Martin Lewis drops defamation case as Facebook cooperates on spam ads

Consumer rights champion Martin Lewis has dropped his defamation lawsuit against Facebook after the social media firm agreed to launch a button enabling users to report scam ads, and cover the founder’s legal costs. In addition, Facebook will donate £2.5m in cash and an additional £500,000 in Facebook ads to Citizens Advice to help fund a new UK Scams Action project (CASA). This will launch in May.

Lewis brought the case in In April last year, after more than 1,000 scam ads abusing his name or image had appeared on the site. He had pledged that any proceeds from a successful outcome would go to charity.

The spam ads reporting button will launch in the UK only “within a few months” according to Lewis’s own site. It will come with a dedicated team to handle the complaints flagged.

CASA will enable Citizens Advice to independently take on scam prevention work, including identifying and tackling online scams that impact people in the UK, and supporting victims. It will aim to increase UK public education and awareness about digital scam ads and how to recognise them. It will also provide one-to-one tailored support to victims of online scams and help people recognise such scams. And it will work on the development of online tools to help consumers spot online scams. Citizens Advice will run the project independently on a day-to-day basis, although Facebook will work with the charity to develop the technology.

Lewis said: “It shouldn’t have taken the threat of legal action to get here. Yet once we started talking, Facebook quickly realised the scale of the problem, its impact on real people, and agreed to commit to making a difference both on its own platform and across the wider sector.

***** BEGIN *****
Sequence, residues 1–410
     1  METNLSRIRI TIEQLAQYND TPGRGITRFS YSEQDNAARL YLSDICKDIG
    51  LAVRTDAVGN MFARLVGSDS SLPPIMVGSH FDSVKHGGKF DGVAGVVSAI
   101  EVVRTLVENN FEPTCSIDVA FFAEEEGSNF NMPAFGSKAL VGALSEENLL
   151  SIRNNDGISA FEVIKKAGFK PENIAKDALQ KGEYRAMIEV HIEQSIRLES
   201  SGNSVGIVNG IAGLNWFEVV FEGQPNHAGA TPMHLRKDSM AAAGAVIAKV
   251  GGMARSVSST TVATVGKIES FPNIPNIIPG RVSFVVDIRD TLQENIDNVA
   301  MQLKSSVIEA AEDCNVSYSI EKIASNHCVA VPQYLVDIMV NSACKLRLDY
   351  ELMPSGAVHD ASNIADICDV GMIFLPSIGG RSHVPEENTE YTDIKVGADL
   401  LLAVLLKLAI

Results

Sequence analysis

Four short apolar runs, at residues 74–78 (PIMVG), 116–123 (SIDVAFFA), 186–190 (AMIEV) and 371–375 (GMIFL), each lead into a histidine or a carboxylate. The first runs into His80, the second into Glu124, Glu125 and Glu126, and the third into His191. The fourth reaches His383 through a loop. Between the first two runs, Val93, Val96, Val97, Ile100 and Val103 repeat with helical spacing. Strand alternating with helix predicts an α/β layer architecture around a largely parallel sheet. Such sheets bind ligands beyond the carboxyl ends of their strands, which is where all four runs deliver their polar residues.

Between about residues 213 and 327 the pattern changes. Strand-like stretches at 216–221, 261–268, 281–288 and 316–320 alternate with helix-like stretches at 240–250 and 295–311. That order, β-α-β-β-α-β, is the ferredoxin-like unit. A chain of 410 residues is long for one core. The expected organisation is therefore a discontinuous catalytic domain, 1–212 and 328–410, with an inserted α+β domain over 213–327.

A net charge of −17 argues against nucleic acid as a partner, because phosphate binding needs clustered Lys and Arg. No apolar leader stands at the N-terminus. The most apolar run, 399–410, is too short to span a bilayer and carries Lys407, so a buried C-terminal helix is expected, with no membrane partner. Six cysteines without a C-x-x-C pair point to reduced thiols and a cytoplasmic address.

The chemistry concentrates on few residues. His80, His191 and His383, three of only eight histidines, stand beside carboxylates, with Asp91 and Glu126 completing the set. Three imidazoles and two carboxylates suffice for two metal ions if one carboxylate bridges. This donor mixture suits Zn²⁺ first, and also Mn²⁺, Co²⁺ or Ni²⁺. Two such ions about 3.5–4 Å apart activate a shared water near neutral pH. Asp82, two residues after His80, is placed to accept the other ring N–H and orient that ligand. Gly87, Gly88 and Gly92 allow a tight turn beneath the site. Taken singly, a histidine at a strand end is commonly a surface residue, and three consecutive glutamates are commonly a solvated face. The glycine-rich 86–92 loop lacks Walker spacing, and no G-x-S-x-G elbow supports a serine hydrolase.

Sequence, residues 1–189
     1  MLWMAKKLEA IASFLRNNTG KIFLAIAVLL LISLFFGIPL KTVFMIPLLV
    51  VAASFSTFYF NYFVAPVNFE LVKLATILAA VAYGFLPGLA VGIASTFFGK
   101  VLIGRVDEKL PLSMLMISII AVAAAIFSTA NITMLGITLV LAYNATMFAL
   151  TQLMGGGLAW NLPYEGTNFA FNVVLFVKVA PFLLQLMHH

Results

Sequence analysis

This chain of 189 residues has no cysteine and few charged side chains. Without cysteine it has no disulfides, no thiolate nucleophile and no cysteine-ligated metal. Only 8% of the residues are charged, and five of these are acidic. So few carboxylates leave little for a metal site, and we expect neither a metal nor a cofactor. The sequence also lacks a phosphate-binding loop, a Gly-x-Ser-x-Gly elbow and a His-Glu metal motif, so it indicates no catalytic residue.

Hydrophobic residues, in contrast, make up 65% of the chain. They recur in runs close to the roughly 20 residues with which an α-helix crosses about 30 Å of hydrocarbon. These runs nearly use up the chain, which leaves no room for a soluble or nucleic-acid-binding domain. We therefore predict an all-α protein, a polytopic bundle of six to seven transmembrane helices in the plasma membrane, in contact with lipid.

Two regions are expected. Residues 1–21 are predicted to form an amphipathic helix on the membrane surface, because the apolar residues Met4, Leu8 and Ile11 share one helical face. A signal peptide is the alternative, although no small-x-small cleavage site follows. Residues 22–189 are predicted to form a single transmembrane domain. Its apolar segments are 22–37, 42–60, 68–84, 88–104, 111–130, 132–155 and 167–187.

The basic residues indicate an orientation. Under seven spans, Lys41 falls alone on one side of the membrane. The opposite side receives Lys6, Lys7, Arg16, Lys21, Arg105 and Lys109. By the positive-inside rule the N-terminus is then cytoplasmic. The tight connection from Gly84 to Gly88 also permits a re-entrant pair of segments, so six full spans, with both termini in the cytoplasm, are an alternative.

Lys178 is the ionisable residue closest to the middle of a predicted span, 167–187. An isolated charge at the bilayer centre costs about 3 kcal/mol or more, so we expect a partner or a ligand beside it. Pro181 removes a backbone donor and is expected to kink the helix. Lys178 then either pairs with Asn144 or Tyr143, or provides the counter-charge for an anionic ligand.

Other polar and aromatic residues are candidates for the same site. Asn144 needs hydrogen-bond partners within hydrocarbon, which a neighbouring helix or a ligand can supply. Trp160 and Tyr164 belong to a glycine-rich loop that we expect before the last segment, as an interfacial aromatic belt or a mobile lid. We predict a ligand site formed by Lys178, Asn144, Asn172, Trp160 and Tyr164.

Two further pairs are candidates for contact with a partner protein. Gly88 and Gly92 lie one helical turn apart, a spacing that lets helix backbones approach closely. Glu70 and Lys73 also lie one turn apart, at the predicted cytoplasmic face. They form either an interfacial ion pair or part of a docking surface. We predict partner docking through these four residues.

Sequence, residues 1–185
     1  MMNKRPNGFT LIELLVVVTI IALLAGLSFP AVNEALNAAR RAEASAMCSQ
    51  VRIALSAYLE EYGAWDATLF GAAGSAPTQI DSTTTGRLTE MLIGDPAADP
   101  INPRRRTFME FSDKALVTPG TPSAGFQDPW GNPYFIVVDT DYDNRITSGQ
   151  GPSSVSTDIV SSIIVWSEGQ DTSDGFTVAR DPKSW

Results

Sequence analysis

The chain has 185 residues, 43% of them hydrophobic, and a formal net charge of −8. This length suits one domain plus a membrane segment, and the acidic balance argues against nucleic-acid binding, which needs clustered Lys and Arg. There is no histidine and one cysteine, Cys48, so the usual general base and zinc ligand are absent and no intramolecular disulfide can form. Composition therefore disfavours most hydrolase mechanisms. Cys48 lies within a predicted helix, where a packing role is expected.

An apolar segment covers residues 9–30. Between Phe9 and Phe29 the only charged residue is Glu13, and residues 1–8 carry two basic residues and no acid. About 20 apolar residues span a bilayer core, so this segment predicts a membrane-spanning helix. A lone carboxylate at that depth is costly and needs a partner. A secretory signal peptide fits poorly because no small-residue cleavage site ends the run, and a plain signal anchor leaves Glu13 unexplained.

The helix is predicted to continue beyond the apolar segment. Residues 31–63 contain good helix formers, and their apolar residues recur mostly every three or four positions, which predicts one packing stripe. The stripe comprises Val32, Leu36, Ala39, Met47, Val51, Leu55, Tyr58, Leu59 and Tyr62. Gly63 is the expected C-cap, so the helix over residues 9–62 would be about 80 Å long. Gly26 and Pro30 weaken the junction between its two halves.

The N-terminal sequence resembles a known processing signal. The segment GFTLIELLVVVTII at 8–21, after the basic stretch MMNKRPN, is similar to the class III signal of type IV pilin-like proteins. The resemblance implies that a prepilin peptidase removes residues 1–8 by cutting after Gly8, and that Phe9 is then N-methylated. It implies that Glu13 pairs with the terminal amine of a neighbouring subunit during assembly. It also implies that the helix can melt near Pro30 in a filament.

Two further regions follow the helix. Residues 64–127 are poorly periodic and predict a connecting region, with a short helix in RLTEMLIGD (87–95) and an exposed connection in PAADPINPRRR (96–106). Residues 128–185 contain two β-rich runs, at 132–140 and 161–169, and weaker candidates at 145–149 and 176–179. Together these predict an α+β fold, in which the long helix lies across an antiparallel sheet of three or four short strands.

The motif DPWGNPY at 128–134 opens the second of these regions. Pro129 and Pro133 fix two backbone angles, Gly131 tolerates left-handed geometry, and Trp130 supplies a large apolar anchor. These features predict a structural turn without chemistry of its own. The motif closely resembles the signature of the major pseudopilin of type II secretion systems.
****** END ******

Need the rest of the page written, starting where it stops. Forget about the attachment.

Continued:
“The amount being donated to set up the Citizens Advice scams action project is far above anything I could’ve won had I succeeded in a court. In fact, we believe the amount Facebook is donating is substantially bigger than the biggest-ever UK court settlement for defamation. That shows Facebook’s determination to change things.

“The aim of my campaigning lawsuit was always to stop scam ads, and to help those who have fallen victim to them. What we’re announcing today does that at a far bigger scale than I could’ve hoped for.”

Lewis also called on “the other major players, both social media and advertising platforms, including Google, to follow Facebook’s lead, accept things must change and put their hands in their pockets to help Citizens Advice scams action too.”

Steve Hatch, Facebook’s regional director for northern Europe, said: “We’re grateful to Martin Lewis for bringing attention to this important issue and for his guidance over the last eight months.

“Our donation to Citizens Advice and our launch of a new UK scam ad reporting tool and dedicated operations team for this reporting channel is part of a wider commitment to tackling scams and to ensuring people are given more transparency and control over the ads they see on Facebook.”